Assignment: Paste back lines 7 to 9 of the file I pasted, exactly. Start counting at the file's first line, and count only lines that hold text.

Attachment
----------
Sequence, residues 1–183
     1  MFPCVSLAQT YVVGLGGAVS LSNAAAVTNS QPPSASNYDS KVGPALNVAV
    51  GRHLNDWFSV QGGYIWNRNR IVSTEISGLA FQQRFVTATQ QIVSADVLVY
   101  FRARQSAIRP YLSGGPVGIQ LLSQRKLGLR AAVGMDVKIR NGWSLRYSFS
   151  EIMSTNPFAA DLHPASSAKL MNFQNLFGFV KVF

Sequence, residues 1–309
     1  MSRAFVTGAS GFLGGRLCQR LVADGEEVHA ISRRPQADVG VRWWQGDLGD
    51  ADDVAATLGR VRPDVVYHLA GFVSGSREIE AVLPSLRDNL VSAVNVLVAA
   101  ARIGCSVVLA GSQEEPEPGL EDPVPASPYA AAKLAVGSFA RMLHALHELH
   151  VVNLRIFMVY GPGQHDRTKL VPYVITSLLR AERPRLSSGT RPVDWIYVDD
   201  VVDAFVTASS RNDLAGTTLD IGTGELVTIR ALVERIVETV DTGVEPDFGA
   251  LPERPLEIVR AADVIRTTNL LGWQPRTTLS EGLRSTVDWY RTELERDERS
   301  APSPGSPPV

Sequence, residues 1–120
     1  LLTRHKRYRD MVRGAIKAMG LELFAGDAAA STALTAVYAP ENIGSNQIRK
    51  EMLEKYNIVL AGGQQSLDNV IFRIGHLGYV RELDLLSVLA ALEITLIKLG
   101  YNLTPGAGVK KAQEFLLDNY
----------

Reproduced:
     1  MSRAFVTGAS GFLGGRLCQR LVADGEEVHA ISRRPQADVG VRWWQGDLGD
    51  ADDVAATLGR VRPDVVYHLA GFVSGSREIE AVLPSLRDNL VSAVNVLVAA
   101  ARIGCSVVLA GSQEEPEPGL EDPVPASPYA AAKLAVGSFA RMLHALHELH